Hands on With the Pocketbook CoverReader (video)

The Ukrainian gadget Hands on With the Pocketbook CoverReader (video) e-Reading Hardware maker Pocketbook sent 2 gadgets to CES 2014, and one worked a lot better than the other.

I spent some time today with the CoverReader, Pocketbook's entry into the smartphone case market, and I'm not terribly impressed with the idea. Sure, the demo unit worked okay, but I've begun to realize that I think there's a better option than adding an E-ink screen to a smartphone case.

The CoverReader is designed to work with one of the Samsung Galaxy smartphones. It is an integrated cover which draws power from the smartphone to supply the 4.3" E-ink screen (800 x 480 resolution).  It was initially announced in September 2013 with a release date in October 2013 and a retail of 99 euros, but so far as I can tell it's not available yet.

As you can see in the video above, the CoverReader works well for a prototype. It was more than capable of displaying ebooks, though of course it required Pocketbook's reading app to be running on the smartphone. I was also able to use the companion app to transfer photos to the CoverReader, but this feature wasn't quite working correctly.

When the CoverReader was initially announced in September 2013 as a smartphone case I was thrilled at the idea. It seemed like an excellent addition to a smartphone which complimented the LCD screen.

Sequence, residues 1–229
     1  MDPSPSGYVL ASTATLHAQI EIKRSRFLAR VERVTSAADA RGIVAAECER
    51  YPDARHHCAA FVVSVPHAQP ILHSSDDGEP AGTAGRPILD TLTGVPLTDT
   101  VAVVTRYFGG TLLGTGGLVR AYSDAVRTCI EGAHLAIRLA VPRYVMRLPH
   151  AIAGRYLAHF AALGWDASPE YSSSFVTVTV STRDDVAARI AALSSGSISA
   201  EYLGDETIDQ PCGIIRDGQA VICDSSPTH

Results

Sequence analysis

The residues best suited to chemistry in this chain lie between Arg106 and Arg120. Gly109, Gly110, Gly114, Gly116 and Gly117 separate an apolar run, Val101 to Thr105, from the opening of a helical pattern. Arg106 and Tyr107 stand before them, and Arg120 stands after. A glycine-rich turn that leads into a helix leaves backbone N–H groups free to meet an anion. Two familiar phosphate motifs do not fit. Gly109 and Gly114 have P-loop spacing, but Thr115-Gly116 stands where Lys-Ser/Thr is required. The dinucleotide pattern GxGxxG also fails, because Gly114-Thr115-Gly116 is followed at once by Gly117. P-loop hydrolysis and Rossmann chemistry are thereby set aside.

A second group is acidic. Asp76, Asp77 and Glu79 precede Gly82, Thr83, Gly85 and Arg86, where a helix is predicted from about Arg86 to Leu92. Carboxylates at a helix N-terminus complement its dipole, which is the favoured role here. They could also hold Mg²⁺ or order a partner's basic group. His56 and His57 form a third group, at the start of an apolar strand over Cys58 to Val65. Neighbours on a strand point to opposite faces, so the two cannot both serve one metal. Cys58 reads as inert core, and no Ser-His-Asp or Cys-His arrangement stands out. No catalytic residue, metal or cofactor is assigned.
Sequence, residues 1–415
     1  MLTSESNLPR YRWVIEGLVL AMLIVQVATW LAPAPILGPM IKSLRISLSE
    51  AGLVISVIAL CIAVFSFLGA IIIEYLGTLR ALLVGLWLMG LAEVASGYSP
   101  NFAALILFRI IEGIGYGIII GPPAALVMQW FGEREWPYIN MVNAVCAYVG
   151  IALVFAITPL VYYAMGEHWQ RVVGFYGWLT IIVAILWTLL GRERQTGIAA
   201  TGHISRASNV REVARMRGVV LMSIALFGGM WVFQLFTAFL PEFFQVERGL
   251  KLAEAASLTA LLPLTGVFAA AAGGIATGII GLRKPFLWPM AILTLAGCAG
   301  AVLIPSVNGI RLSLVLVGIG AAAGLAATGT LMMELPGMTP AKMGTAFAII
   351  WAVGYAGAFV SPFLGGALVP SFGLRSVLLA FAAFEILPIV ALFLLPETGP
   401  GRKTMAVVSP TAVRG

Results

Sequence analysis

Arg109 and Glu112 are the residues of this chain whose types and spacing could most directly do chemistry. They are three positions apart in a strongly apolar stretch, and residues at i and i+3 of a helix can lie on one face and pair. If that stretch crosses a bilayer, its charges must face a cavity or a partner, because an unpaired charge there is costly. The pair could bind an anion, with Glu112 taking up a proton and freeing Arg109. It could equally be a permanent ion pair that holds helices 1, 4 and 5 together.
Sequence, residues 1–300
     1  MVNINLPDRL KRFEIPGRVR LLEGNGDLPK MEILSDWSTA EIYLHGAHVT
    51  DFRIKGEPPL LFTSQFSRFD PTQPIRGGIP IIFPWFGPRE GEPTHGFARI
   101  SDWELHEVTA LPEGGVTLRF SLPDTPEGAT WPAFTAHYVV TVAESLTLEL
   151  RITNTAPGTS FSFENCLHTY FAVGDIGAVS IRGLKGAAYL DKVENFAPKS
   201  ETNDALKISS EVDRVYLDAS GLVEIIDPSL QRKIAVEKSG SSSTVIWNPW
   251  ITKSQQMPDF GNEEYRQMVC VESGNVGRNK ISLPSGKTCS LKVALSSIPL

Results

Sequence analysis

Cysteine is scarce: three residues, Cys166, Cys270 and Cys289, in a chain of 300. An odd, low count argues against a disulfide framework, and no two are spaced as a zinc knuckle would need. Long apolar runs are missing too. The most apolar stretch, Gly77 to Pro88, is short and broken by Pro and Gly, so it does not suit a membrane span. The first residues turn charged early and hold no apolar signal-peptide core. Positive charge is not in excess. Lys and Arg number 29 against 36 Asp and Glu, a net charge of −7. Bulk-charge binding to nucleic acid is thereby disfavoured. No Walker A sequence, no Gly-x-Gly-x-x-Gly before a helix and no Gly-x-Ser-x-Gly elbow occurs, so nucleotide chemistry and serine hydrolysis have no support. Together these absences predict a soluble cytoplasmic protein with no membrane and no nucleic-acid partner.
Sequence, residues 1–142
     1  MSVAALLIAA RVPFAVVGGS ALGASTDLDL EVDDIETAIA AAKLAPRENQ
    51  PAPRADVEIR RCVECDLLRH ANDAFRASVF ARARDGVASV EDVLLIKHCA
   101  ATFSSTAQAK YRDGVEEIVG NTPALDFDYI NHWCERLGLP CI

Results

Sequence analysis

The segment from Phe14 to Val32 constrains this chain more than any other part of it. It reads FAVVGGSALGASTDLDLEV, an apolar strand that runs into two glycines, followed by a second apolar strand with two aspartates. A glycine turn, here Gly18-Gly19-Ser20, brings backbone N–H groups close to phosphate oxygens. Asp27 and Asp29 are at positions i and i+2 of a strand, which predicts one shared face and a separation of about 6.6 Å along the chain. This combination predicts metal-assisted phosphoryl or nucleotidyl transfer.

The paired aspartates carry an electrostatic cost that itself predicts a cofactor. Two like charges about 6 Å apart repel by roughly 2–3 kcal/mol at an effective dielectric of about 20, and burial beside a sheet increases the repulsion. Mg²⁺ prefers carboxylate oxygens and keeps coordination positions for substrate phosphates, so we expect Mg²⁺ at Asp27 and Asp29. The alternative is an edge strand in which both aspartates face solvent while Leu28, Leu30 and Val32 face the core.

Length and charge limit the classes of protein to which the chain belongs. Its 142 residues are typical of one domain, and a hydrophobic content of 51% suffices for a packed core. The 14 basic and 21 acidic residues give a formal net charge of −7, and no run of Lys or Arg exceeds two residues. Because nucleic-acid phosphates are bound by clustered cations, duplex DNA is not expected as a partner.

Hands on With the Pocketbook CoverReader (video) e-Reading Hardware But now it's several months later and I don't like the idea so much. Now that I have seen the Alcatel MagicFlip, and now that I have seen Gajah's new 3.5" ereader accessory, I think they are the better option. They will work with more smartphones and not be limited to single specific models.

Adding a secondary E-ink screen to a smartphone is going to be a niche market at best, so I think it's best to go for the largest niche possible. This means either releasing a case for the iPhone or a product that can work with all Android smartphones and not just a single model.

So long as those accessory devices can display more than just ebooks (like a shopping list email or a barcode from a loyalty card) I think they would be the more useful option. Sure, these gadgets might not serve everyone's needs but they will attract more users than the CoverReader, which can only support the users of a particular smartphone model.

About Nate Hoffelder (9946 Articles)
Nate Hoffelder is the founder and editor of The Digital Reader:He's here to chew bubble gum and fix broken websites, and he is all out of bubble gum. He has been blogging about indie authors since 2010 while learning new tech skills at the drop of a hat. He fixes author sites, and shares what he learns on The Digital Reader's blog. In his spare time, he fosters dogs for A Forever Home, a local rescue group.

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